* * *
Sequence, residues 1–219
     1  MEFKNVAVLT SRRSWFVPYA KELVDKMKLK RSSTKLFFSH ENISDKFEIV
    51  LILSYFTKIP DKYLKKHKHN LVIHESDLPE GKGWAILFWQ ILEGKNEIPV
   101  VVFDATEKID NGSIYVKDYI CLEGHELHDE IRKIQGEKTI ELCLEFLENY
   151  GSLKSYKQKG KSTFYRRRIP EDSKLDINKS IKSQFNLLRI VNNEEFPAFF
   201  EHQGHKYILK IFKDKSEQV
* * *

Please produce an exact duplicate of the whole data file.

Sequence, residues 1–219
     1  MEFKNVAVLT SRRSWFVPYA KELVDKMKLK RSSTKLFFSH ENISDKFEIV
    51  LILSYFTKIP DKYLKKHKHN LVIHESDLPE GKGWAILFWQ ILEGKNEIPV
   101  VVFDATEKID NGSIYVKDYI CLEGHELHDE IRKIQGEKTI ELCLEFLENY
   151  GSLKSYKQKG KSTFYRRRIP EDSKLDINKS IKSQFNLLRI VNNEEFPAFF
   201  EHQGHKYILK IFKDKSEQV